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Christian Biblical Studies

 

 

 

BORN OF A WOMAN

 

Part 1

 

 

All Scripture references are to the NIV-UK, unless otherwise noted.

 

When the set time had fully come, God sent his Son, born of a woman, born under the law, to redeem those under the law, that we might receive adoption to sonship.

– Galatians 4: 4 –

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THE MAN, JESUS, was the ransom or ‘corresponding price’ – the antilutron – for Adam. As Adam had plunged the human family into sin, corruption and death, so Jesus would buy back the race from these consequences by his sacrifice at the cross (Rom. 5: 19). For the purposes of this ‘transaction’ – for so it was – divine justice required that Jesus be a perfect man and sinless – equivalent to Adam at his creation (1 Cor. 15: 22).

 

Mary

We are introduced to her in Luke 1: 35, with the declaration by the angel Gabriel:

 

“The holy spirit will come on you, and the power of the Most High will overshadow you. So the holy one to be born will be called the Son of God. . . ”.

 

The term ‘overshadow’ (episkiasei) does not have the meaning here of ‘beget’. The word is translated ‘overshadow’ in the following instances, where it seems to mean sanctification or holiness, not unlike the symbol of the cloudy fiery pillar that hovered over God’s holy tabernacle (see e.g., Exodus 40: 34, inter alia):

 

Matt. 17: 5: While he was still speaking, a bright cloud covered them, and a voice from the cloud said, ‘This is my Son, whom I love; with him I am well pleased. Listen to him!’

 

Mark 9: 7: Then a cloud appeared and covered them, and a voice came from the cloud: ‘This is my Son, whom I love. Listen to him!’

 

Luke 9: 34: While [Jesus] was speaking, a cloud appeared and covered them, and the were afraid as they entered the cloud. A voice came from the cloud, saying, ‘This is my Son, whom I have chosen; listen to him.’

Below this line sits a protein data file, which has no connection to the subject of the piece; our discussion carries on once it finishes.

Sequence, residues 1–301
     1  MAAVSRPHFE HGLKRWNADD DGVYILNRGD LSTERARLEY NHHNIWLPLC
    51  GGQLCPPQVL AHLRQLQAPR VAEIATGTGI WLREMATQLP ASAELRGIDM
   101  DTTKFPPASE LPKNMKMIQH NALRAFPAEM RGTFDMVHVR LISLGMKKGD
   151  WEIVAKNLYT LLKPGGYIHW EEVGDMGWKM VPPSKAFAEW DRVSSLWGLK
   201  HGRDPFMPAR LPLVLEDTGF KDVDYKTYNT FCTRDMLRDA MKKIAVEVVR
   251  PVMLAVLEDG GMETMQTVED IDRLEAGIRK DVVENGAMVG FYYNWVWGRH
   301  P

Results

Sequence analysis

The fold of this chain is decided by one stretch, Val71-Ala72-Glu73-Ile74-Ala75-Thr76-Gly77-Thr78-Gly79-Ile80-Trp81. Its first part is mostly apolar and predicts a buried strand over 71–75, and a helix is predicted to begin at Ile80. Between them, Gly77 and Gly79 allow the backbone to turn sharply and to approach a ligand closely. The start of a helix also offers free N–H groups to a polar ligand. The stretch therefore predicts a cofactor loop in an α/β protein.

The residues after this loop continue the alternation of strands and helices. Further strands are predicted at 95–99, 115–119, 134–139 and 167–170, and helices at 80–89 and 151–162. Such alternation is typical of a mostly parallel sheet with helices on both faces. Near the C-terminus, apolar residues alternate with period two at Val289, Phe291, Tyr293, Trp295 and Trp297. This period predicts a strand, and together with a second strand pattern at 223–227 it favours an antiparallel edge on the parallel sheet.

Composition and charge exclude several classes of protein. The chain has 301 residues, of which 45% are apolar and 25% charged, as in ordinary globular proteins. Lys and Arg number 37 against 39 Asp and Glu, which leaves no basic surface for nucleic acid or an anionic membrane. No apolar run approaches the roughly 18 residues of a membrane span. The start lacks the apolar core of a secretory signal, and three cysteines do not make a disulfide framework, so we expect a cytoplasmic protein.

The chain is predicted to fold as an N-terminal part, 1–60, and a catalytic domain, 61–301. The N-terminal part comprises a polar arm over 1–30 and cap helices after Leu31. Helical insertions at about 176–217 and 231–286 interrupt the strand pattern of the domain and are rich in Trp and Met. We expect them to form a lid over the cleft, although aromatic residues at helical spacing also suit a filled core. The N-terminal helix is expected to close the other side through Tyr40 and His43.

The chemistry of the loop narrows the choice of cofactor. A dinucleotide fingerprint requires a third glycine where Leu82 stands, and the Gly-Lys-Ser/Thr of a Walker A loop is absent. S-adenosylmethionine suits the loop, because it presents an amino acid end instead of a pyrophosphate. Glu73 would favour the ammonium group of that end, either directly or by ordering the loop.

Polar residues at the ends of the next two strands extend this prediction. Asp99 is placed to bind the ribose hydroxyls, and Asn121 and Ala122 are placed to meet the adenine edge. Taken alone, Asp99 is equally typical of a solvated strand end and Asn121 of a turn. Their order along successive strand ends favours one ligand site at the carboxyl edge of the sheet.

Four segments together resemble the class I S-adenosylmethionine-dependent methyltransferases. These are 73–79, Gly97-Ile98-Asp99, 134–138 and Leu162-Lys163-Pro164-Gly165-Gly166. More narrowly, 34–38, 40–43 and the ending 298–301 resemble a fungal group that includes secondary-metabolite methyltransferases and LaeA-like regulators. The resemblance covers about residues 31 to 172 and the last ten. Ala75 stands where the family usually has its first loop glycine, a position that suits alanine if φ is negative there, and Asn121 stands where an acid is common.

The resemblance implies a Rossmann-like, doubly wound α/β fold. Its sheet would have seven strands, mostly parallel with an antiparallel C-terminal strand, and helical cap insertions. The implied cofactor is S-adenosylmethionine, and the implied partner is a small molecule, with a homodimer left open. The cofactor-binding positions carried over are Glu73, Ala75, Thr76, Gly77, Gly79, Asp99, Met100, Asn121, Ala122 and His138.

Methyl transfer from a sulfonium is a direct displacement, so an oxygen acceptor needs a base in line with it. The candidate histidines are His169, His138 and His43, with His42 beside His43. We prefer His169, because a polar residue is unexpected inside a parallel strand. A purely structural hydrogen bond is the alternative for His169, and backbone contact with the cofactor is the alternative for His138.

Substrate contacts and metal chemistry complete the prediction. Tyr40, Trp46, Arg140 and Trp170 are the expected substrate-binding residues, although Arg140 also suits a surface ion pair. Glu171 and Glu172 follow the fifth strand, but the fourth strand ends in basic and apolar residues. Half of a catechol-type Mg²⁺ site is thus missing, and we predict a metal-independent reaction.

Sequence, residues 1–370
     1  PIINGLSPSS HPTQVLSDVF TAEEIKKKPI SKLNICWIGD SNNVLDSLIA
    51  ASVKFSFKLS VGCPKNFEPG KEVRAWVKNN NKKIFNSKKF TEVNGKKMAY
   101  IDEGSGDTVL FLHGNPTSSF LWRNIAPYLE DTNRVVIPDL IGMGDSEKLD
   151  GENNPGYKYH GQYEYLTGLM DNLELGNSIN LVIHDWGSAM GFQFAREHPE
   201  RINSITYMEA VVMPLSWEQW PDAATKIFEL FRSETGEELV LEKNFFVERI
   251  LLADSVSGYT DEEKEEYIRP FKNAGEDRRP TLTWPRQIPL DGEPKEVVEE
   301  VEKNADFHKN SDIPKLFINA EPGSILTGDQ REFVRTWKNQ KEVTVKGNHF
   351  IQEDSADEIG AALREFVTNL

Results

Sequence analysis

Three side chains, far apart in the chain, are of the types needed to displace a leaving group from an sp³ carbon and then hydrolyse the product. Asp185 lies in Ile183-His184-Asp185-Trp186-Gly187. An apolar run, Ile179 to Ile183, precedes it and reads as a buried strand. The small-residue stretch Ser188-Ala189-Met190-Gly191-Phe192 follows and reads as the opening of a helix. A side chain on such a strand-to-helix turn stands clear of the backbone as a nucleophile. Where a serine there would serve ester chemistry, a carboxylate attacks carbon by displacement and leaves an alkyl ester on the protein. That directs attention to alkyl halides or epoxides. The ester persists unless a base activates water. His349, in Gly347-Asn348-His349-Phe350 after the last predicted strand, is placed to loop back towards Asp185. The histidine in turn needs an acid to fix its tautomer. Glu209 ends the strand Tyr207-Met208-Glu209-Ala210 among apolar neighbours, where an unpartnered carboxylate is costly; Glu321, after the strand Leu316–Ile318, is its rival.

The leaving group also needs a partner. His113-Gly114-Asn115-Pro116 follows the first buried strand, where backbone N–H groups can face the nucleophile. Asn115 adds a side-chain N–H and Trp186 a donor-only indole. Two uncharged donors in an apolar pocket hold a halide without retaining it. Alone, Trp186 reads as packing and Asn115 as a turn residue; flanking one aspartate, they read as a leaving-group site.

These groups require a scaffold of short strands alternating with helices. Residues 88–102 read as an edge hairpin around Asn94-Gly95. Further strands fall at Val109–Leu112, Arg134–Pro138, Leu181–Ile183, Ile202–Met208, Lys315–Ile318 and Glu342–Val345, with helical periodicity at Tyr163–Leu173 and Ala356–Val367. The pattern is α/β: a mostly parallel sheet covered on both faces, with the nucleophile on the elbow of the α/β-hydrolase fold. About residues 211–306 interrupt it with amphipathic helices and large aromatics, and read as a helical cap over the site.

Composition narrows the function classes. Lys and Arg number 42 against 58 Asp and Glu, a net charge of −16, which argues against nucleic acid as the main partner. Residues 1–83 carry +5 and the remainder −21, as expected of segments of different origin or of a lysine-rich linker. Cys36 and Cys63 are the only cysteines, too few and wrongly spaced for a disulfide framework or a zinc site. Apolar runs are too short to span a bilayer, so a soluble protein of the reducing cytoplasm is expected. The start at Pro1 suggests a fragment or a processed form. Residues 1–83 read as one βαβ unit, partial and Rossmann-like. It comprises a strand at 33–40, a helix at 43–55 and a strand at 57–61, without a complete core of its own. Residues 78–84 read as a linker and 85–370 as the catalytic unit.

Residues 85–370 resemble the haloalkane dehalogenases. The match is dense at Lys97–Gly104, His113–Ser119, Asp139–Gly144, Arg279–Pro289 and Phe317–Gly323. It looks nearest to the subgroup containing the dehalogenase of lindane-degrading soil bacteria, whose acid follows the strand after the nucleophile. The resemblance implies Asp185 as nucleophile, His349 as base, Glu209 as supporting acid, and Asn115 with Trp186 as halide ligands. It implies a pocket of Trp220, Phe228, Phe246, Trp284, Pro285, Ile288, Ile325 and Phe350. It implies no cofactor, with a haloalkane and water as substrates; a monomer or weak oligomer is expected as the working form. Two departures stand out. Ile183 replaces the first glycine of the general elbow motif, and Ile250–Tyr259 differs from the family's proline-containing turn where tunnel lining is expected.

A Godly Woman

Mary was not ‘immaculate’ – that is, free from original sin; she was a child of Adam, like all of us (Rom. 3: 22b, 23). Nor was she the ‘mother of God’. To her, a Jew, a monotheist, there was only one God: ‘Hear, O Israel: the Lord our God, the Lord is one’ (Deut. 6: 4). Her Magnificat (song of praise) in Luke 1: 46-55 reflects her orthodoxy, and ends, fittingly, with a reference to ‘Abraham and his descendants’, from which line she came. Indeed, it was this faith which had commended her to God and that would support her in the singular task with which she was now to be entrusted (Matt. 1: 1-16).

 

Mary was the ethnic link to the ancestry of Israel. Jesus is ascribed Jewish lineage, traced back to Abraham through the men and women of faith, but he was not descended from Adam. Mary’s principal contribution would be to carry the child in the normal way, supplying the environment (womb) in which he would develop, and to care for him after birth – the highest of privileges.

 

Plainly, the conception of Jesus was a miracle. Mary acknowledged this was so (Luke 1: 34, ‘. . . I am a virgin’). Christians have no need to apologise for believing in the miracles of the Bible. It is impossible to explain a miracle, or it would cease to be one. As with Jesus’ birth, so with the miracle of his resurrection after being three days dead. (The universe itself is an inexplicable phenomenon; only the remoteness of time since its beginning – inaccessible to a human-scale history – gives sceptics an excuse to pooh-pooh any notion of an intelligent creation.)

 

An Imperfect Woman

In the ordinary course of pregnancy, the health of the mother has a profound effect on the growing foetus. And given that Mary herself was under the Adamic curse of death, might Jesus have inherited her defective DNA at conception? The placenta forms a selective barrier, but permits the transfer of nutrients from the maternal side to the foetus, and the exchange of oxygen and carbon dioxide in both directions. However, a breakdown in placental function could allow the transfer of some infectious diseases or toxins. For example, at that point in history there was the risk of lead contamination from the drinking water conveyed by the Roman aqueducts.

 

No Ordinary Man

For the purposes of his redeeming the human family, it was necessary that Jesus be (a) perfect and (b) sinless. These two factors were not contingent on Mary; he could not have inherited her genes, or her physical and mental characteristics. His essential life came from Jehovah, the Source of all life, in whom there is no imperfection or sin. Jesus’ human-ness was conferred by divine power, the same creative power that gave Adam his humanity, without the intervention of a mother. In short, Jesus was from conception destined to be in the earthly ‘image’ of God (Heb. 2: 9, ‘crowned with glory and honour’, like Adam [Psa. 8: 4, 5, KJV]).